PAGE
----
Compared to GCRTA’s existing trains, the S200 can handle many more standees — up to 193 people — because most of its seats are longitudinal, meaning they are along and against the walls. It has room for bicycles and wheelchairs plus a video and audio information system above and between the doors which are on both sides of the train. And the trains can be coupled together to handle larger crowds during sporting events, downtown parades and other big events. However you won’t be able to walk from one train car to another as there is an operator control cab at both ends of each car.
If you’re looking to catch a ride soon on Cleveland’s next-generation trains, you’re going to have to be patient. GCRTA says that the first railcar won’t be supplied until 30 months after the agency awards the manufacturer with a contract. Twenty-four railcars will be delivered in the opening round, which will replace the GCRTA Red Line’s 1984-built trains first because they’re apparently in the worst shape. The 24th railcar to arrive in Cleveland won’t happen until 42 months after the contract award, GCRTA says. GCRTA hopes to award a contract this year.
Interior of the S200 trains in Calgary. While there is less seating than the trains that GCRTA currently offers, there is a lot more room for standees during large events downtown as well as for bicycles and wheelchairs (Siemens).
GCRTA’s railcar consultant, LTK Engineering Services of Philadelphia, said Cleveland’s transit agency needed to replace its Red Line trains no later than 2024 and the Blue/Green Lines’ trains five years thereafter. GCRTA has $189.4 million in hand or pledged but still needs another $111 million for another 36 new railcars to replace the 1980-built Breda cars that run on the Blue/Green lines, which continue through to downtown’s Waterfront Line. Schipper said a closed bridge on the Waterfront Line would be repaired before the Cleveland Browns’ 2023 season so fans can again take the train to the games, as well as to the air show and the Flats East Bank.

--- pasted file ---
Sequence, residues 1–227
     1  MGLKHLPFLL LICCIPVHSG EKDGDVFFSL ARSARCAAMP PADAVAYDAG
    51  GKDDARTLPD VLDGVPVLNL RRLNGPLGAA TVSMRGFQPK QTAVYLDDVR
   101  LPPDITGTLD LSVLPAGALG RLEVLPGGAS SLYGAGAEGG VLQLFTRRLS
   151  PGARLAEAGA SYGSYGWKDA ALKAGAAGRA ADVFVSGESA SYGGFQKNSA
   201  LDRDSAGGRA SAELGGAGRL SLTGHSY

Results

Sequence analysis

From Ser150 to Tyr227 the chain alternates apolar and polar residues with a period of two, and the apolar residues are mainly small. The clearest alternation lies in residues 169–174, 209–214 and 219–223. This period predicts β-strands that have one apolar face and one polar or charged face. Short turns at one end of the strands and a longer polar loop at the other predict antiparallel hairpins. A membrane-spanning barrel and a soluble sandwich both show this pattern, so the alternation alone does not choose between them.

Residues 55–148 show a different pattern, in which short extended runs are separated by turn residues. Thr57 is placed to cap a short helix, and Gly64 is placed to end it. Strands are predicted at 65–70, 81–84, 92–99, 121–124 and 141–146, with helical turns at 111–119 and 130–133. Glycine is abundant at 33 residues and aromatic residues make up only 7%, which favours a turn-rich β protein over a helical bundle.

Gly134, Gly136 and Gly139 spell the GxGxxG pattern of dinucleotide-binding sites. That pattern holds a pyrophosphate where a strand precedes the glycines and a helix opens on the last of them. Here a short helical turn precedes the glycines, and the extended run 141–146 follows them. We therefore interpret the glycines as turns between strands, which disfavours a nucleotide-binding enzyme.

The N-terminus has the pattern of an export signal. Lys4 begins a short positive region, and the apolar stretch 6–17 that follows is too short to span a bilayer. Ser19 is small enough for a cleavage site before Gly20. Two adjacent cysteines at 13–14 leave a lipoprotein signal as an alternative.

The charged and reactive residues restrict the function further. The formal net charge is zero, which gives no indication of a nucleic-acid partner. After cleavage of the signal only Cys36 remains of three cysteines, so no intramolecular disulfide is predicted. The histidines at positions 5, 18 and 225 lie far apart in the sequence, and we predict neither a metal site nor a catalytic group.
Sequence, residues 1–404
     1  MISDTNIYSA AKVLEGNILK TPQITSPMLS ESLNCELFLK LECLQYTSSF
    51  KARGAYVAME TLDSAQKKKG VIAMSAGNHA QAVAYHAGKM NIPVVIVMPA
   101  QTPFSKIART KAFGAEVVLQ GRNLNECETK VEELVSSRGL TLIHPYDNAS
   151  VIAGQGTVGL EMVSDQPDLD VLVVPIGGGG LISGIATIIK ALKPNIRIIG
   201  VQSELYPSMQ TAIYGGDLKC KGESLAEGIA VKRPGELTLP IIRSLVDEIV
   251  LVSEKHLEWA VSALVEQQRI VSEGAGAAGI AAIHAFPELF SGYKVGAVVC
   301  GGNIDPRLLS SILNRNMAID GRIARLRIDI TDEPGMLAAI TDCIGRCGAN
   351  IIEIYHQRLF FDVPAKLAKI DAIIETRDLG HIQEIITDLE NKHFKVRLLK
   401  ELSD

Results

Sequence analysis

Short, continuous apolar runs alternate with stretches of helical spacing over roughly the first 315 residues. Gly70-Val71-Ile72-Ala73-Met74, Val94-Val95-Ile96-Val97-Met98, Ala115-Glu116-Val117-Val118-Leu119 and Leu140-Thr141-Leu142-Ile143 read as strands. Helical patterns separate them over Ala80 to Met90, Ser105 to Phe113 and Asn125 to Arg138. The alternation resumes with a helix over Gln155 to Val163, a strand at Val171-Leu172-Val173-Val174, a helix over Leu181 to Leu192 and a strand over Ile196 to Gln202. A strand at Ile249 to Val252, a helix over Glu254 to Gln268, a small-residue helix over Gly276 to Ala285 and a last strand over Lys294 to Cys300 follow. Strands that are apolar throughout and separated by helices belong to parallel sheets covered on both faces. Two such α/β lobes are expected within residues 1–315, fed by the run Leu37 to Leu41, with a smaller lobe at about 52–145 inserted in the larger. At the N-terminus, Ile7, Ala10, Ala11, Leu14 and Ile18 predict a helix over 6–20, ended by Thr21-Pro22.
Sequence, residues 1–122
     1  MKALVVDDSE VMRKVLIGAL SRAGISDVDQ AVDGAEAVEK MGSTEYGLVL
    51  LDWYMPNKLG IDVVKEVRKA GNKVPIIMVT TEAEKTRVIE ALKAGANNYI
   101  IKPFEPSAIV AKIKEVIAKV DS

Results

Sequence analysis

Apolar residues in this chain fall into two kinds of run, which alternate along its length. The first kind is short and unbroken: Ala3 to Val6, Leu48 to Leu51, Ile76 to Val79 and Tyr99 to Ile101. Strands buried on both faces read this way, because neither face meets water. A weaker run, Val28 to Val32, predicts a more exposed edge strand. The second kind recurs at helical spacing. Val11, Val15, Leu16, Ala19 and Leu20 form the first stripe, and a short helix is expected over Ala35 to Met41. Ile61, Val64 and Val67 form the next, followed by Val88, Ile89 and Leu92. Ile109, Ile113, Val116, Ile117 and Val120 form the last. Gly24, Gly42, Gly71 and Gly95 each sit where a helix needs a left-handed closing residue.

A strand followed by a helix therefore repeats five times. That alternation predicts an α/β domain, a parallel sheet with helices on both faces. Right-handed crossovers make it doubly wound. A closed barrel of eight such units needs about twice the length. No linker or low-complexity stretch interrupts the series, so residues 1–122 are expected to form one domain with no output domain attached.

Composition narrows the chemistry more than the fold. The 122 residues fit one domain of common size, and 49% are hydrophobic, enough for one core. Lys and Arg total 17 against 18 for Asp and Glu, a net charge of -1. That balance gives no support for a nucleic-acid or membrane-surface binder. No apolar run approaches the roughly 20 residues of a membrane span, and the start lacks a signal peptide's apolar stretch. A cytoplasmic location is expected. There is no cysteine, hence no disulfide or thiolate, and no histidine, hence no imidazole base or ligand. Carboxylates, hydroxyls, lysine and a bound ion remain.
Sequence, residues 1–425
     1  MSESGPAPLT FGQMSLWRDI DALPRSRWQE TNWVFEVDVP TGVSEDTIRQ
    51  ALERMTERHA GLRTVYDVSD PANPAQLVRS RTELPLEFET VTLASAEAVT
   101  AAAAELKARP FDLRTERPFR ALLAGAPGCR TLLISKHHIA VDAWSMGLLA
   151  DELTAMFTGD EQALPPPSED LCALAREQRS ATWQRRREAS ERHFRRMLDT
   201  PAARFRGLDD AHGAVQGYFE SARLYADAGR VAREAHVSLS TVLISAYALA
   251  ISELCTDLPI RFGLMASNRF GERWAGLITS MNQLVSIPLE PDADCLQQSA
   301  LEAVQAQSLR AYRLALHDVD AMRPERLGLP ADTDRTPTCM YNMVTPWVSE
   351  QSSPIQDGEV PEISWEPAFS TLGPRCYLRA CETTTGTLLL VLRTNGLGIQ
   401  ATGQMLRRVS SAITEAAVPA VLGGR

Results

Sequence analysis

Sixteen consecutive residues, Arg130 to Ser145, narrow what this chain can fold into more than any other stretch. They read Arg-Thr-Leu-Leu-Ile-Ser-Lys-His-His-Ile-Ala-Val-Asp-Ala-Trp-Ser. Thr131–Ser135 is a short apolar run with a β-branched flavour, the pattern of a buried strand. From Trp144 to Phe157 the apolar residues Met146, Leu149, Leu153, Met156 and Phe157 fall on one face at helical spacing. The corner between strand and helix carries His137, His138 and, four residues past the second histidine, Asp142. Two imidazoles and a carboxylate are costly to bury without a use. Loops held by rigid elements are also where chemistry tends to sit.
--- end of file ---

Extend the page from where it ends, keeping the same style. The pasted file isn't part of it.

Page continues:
The news that GCRTA has apparently picked a new railcar and its builder was welcomed by local and state groups representing rail and transit riders.
“The devil is in the details but GCRTA is so badly in need of new cars,” said Alex Rubin, a member of Clevelanders for Public Transit’s coordinating committee and the organization’s treasurer. “The number of FTA-reported (Federal Transit Administration) train breakdowns in Cleveland is off the charts. It’s obvious to anyone riding that their railcars are out of date. I commend the GCRTA maintenance staff for doing what they have to do to keep the trains running. It’s well past the the cars’ replacement date and everyone knows it.”
“They (GCRTA mechanics) are literally holding things together with spare parts from other cars,” said Stu Nicholson, executive director of All Aboard Ohio. “We were hearing that three or four years ago. It’s a shame it went this long to get this done. Hopefully wisdom has prevailed that this can be done soon.”
GCRTA Red Line riders contemplate travel alternatives after their train catches fire Dec. 18, 2021 while arriving the Ohio City station. It was the second Red Line train fire that year. On June 2, 2021, a train caught fire at the West Park station (ggallagherjr-via Twitter).
Schipper also noted that the new trains are skinnier than what GCRTA currently has. Since federal regulations limit the horizontal gap between train doorways and station platforms to no more than four inches, the Red Line stations have to be modified. There also cannot be a vertical gap of more than two inches. GCRTA had considered continuing the costly and inefficient practice of maintaining two different types of trains for such a small 33-mile, 52-station system — one type of train that serves the Red Line’s high-level platforms and another serving the Blue/Green Lines’ low-level platforms.